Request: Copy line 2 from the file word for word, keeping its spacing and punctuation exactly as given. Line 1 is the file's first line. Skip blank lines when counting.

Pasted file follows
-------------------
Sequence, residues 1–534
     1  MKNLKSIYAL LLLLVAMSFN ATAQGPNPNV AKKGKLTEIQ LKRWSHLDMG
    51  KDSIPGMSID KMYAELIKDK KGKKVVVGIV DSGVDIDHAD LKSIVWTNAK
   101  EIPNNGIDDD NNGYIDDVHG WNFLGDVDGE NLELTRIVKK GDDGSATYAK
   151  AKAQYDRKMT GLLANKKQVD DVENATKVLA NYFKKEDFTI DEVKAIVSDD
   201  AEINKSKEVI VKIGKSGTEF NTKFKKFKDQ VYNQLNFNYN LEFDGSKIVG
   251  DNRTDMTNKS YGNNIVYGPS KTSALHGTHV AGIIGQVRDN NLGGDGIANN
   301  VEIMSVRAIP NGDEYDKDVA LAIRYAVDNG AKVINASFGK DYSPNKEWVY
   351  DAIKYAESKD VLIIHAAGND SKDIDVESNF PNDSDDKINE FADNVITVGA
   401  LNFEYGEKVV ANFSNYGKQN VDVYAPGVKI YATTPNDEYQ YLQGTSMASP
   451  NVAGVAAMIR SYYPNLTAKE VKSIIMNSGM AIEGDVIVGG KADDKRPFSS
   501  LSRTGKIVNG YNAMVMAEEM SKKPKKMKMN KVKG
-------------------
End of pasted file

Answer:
     1  MKNLKSIYAL LLLLVAMSFN ATAQGPNPNV AKKGKLTEIQ LKRWSHLDMG